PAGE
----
Home Read Classic Album Review: Maxim | Hell’s Kitchen

Classic Album Review: Maxim | Hell’s Kitchen

The Prodigy vocalist's solo albums packs some heat, but there are too many cooks.

174

This album came out a couple of decades ago. Here’s what I said about it back then (with some minor editing):

 


No, it’s not a tie-in CD from the T&A-crazed men’s mag.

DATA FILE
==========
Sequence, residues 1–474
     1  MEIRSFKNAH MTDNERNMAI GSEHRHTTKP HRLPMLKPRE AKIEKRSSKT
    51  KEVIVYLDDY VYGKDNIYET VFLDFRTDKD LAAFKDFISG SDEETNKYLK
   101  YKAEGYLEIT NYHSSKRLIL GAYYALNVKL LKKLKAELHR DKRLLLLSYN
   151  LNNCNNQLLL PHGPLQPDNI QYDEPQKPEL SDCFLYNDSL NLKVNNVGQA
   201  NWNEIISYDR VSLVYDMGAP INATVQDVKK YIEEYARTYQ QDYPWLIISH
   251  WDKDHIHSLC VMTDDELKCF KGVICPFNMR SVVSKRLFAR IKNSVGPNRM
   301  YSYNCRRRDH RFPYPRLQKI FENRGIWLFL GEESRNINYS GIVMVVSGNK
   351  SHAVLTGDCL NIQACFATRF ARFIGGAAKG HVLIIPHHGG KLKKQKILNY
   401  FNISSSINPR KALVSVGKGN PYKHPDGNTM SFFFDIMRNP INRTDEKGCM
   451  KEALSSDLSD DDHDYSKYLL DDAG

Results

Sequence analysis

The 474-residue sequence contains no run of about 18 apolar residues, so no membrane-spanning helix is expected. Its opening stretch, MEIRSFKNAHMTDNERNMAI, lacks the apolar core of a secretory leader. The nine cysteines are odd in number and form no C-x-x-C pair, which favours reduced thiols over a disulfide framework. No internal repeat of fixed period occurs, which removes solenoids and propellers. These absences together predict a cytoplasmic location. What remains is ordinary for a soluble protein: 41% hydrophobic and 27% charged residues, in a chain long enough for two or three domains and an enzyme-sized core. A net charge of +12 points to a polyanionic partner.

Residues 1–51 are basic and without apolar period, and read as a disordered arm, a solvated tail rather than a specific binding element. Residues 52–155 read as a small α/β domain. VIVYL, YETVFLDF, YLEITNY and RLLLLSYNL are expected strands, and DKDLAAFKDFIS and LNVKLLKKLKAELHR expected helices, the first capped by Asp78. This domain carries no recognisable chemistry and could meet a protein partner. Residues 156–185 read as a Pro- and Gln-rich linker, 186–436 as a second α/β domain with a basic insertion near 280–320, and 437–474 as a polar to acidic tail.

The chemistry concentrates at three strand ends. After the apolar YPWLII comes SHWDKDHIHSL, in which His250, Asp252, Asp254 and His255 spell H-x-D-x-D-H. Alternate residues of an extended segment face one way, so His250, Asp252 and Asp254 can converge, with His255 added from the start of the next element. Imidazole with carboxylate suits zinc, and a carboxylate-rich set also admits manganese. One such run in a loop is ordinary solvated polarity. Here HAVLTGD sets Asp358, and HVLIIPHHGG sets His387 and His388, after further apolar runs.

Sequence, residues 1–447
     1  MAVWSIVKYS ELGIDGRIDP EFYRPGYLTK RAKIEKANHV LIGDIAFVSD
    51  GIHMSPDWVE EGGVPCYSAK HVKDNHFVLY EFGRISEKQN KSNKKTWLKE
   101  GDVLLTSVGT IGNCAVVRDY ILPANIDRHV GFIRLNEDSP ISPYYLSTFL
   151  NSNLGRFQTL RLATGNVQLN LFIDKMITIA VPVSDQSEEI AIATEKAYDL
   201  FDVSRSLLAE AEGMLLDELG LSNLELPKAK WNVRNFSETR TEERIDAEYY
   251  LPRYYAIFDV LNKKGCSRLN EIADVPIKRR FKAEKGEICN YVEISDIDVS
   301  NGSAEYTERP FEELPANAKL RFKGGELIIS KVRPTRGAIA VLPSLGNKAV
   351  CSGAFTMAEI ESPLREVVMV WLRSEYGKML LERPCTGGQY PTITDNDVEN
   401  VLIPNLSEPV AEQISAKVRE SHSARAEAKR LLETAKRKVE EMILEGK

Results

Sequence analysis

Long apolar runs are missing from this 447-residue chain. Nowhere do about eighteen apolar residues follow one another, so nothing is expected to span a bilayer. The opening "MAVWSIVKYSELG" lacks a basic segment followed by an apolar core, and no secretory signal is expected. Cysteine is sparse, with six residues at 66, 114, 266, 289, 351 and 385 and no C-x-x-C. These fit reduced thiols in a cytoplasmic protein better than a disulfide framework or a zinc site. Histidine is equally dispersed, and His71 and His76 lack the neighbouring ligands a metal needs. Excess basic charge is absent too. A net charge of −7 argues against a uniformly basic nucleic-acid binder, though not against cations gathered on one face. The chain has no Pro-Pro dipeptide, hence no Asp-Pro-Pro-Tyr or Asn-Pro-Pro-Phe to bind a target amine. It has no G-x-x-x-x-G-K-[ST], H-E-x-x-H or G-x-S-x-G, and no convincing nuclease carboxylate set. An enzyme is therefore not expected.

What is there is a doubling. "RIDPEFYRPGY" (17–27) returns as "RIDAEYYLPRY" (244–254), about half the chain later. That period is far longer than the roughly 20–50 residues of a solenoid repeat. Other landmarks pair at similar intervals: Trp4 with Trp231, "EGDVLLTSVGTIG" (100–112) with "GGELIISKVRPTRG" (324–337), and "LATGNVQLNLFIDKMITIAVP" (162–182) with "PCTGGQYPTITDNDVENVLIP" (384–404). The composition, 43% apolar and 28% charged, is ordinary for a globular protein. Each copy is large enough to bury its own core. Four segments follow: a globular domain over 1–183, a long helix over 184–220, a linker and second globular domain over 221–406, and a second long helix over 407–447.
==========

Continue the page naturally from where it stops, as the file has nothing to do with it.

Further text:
This Maxim is Maxim Reality, aka Keeti Palmer, aka one of the vocalists for U.K. electronica rebels Prodigy, aka not the guy in the punk rock getup, aka the other one. Funnily enough, he’s nearly as hard to identify on his latest solo album. Hell’s Kitchen is an ambitious, confident mix-tape of hip-hop, trip-hop, trance, electronica that certainly lives up to its title — the throbbing, umbral grooves and noisy buzzing textures are blended into a dark, nasty and downright sinful stew (especially when Prodigy mastermind Liam Howlett lends a hand). But for some reason, Maxim too often lets others do the talking for him. About half these tracks are voiced by rappers and rockers like Divine Styler, Blood of Abraham and Skin from Skunk Anansie, to name a few. When Maxim pokes his head out of the shadows and cuts loose in his raspy wheeze, Hell’s Kitchen delivers. The rest of the time, it feels like there may be a few too many cooks.